Living abroad – What it’s like to study Chinese in Shanghai

Yasmin left her home in the Netherlands to study Chinese in Shanghai. She shares what it's like to live and study in a Chinese city and tells you what you need to know if you want to do something simular yourself. Find out more..

Arriving in Shanghai felt like arriving in a different world. I felt lost in translation; I couldn’t read or understand anything. This city was so big and hectic, people were everywhere all the time, chaos was all around. In the beginning, it was a little overwhelming. The number of skyscrapers, crazy traffic, the Chinese characters, millions of people. The food tasted so different and you never really knew what you were eating. Pizza with sugar on top, waffles with meat inside, snake in hotpot.

You could walk around the city for hours and watch people walk around shamelessly in hello kitty pyjama’s, playing with their poodles in silly outfits, dancing in big groups in the streets, practising music in parks or different kinds of sports. You can try out street bbq food you’ve never tried before, sing karaoke at KTV, practise your Chinese with the cab drivers while they try to pronounce your name. Enter clubs in skyscrapers with sharks in aquariums, where girls get paid to sit and look pretty and get free alcohol just because you come from ‘the west’. You learn about Chinese superstitions, like how the colour red represents good luck and the number four is considered unlucky as the pronunciation is similar to the word for ‘death’. I felt amazed by all the unusual things and it’s these quirks that made living here such an adventure. Shanghai never sleeps, there is always something to do, see or experience.

Finding a house

When you study at SISU, you have the choice to live on campus, but  I decided to look for an apartment with my friend, a Russian and  Ukrainian girl. It took us two weeks of house hunting, multiple scooter rides, strange apartment without doors, language miscommunications and desperation until we found an old wooden typical Chinese apartment on the 8th floor of a big complex, five minutes walking distance of our university. If you don’t speak Chinese it can be tricky to find a place, because usually, the agents don’t speak English. Only a fraction of the apartments are posted online, so try to find a Chinese friend who can help you and just look for housing agencies in the streets. Make sure you are very clear in what you’re looking for, this will save you a lot of time and don’t sign a contract that’s only in Mandarin Chinese. You also have to register as a temporary residence at the local police station within 24 hours of arrival. If you’d like to use the internet, you can buy a pre-paid SIM card in many small supermarkets. China Mobile and China Unicom are mobile phone service providers for instance.

Learning Chinese

The first day at university, they give you a Chinese name, if you don’t have one already. Someone in my class was called ‘Yifu’ which means clothing piece. So I thought it was better to think of a name for myself and choose ‘Moli’ which means Jasmine and is similar to my Dutch name Yasmin. My friend got the name Bai Xue which means white snow.

I went to class with people from different countries. Some came from Uzbekistan, Tajikistan, Russia, but there was also a girl from France and one from Italy. In the beginning, it seemed like I was taking vocal lessons, as you start by practising the tones. Mandarin Chinese is a tonal language, so the meaning of a syllable changes depending on the pronunciation. For instance, the syllable “ma” can mean “horse”, “mother”, “scold” or “hemp” and is also used at the end of a sentence when you ask a question. As you can imagine, this created some funny situations. I can recall a time when I tried to order a cappuccino and it turned out I was asking for a horse.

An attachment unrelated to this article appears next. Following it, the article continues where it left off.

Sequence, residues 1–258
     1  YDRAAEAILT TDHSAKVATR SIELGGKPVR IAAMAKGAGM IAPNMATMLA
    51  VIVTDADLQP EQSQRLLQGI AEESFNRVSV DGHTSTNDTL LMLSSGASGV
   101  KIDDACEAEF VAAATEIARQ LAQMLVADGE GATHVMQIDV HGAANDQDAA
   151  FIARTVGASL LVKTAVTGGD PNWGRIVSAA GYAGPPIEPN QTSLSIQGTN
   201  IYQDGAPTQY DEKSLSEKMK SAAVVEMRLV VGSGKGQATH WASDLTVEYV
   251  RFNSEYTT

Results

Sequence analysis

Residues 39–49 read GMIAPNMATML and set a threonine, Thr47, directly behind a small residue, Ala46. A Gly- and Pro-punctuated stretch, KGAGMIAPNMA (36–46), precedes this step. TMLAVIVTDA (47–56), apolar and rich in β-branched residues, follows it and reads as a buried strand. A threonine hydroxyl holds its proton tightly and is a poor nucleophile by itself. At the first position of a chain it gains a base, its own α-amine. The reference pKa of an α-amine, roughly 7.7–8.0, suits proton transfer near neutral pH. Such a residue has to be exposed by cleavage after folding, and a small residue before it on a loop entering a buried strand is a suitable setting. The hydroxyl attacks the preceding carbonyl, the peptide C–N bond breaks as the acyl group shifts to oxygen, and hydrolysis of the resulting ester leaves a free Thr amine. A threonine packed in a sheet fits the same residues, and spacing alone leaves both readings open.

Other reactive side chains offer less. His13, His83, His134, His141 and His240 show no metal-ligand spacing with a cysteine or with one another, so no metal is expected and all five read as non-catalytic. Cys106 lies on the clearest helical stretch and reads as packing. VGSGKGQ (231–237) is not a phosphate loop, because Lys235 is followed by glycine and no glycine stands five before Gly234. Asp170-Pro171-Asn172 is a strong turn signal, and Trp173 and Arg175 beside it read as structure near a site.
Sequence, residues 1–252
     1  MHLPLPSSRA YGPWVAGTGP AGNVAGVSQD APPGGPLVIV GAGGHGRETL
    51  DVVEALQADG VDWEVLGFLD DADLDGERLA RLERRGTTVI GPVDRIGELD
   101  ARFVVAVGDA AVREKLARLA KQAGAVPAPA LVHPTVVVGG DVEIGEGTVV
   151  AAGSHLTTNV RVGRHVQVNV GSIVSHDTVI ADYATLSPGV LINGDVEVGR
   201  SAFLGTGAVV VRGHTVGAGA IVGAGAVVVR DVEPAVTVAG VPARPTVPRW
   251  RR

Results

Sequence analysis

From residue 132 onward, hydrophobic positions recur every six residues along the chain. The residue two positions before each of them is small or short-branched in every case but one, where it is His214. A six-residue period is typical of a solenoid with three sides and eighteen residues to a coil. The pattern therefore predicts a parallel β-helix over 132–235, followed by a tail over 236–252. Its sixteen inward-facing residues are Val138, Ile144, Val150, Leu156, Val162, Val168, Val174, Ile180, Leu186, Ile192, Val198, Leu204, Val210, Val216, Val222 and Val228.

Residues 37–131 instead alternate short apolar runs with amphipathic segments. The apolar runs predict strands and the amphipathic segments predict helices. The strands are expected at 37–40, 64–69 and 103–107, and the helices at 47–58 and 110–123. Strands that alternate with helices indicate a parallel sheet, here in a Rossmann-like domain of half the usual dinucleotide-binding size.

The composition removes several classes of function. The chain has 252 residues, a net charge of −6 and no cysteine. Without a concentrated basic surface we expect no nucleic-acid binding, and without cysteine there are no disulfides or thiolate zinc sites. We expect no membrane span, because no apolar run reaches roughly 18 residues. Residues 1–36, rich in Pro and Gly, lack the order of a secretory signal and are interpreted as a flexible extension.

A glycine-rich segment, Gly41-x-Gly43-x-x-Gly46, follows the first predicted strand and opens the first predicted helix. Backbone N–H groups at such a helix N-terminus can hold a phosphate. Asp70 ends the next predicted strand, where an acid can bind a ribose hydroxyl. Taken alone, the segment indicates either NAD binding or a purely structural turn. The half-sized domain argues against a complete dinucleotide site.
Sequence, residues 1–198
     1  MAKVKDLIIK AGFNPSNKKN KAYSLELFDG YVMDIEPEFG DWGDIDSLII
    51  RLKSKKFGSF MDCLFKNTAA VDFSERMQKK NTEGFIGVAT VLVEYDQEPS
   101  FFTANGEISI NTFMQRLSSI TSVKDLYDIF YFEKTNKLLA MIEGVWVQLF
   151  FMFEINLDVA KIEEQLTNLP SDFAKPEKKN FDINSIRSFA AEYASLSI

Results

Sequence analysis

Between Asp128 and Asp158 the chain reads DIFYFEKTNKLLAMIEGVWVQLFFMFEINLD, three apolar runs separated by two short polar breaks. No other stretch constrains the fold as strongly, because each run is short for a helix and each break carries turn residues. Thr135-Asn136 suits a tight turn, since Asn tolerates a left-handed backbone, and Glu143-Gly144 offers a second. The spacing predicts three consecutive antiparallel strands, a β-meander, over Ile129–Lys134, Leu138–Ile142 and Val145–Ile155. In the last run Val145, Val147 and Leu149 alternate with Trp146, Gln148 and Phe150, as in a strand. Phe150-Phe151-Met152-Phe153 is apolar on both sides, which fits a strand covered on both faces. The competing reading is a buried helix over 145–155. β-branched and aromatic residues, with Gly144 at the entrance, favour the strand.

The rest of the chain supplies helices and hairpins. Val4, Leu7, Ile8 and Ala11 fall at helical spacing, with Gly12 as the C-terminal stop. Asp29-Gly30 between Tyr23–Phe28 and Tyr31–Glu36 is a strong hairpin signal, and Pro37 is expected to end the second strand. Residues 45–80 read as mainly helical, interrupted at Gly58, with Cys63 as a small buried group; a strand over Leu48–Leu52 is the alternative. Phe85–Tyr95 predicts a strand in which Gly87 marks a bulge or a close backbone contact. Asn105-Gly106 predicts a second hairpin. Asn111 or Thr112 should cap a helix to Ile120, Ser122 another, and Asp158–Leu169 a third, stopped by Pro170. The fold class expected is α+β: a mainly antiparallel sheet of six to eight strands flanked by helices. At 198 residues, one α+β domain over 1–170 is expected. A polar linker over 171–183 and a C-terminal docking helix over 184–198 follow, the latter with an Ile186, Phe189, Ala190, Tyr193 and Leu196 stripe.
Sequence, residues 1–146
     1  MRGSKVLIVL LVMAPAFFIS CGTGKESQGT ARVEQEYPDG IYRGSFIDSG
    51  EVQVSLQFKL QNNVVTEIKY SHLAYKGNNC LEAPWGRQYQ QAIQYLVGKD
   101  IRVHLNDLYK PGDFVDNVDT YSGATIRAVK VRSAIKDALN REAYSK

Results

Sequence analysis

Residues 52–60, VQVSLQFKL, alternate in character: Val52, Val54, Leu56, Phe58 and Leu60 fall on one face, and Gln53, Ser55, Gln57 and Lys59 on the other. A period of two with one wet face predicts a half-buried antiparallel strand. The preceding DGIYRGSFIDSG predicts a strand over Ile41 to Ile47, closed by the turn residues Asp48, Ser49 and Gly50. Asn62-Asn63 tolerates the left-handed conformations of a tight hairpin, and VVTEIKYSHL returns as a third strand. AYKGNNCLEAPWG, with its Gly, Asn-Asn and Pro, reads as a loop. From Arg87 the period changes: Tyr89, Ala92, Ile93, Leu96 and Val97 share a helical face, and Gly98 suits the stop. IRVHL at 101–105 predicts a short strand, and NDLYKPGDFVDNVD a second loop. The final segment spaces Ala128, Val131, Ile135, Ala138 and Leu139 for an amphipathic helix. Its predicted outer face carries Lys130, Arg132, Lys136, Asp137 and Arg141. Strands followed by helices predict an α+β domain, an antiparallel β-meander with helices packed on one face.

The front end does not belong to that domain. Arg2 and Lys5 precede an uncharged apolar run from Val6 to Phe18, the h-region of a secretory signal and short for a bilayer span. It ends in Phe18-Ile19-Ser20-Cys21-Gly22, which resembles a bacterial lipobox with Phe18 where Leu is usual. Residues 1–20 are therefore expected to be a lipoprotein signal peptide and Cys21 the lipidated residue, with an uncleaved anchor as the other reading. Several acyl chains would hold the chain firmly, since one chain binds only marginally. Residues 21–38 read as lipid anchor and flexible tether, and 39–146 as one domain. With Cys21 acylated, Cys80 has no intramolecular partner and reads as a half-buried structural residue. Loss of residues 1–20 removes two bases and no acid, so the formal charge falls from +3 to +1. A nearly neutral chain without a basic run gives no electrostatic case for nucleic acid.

Once you have learned the tones, you move on to the vocabulary and phrases in Pinyin. This is a way to write Chinese using the western alphabet, this allows you to write Chinese without using Chinese characters. The last step is reading and writing Chinese characters. There are over 50,000 Chinese characters so after 5 months my Chinese was nowhere near fluent, but I could find my way, order food, bargain at the markets and practice every day with people in the streets and with the taxi drivers.

What I’ve learned

I lived in Shanghai for five months and the experience certainly changed me. It changed my perspective on life in my own country and on the world in general. You learn to appreciate things back home that you once took for granted, you see how different life can be on the other side of the globe and you meet people from different backgrounds. I got to know myself in a different way, I learned how to be alone in a city with so many people, I learned how to get around when nobody understood me, I learned how to live with little money and little of anything, I lived together with people from different cultures, made new friends, studied one of the most difficult languages in the world, went on crazy adventures, tried out strange food and was generally amazed by the whole experience. If you’d like to experience a crazy city, unlike any other, visit Shanghai. I can guarantee you will not get bored.

Want to study in Shanghai? This is how you do it!

I studied at ‘SISU’ university. This university is known to be one of the best to learn the Chinese language in Shanghai. They offer different language programmes, check out their website for more information: http://nl.shisu.edu.cn/

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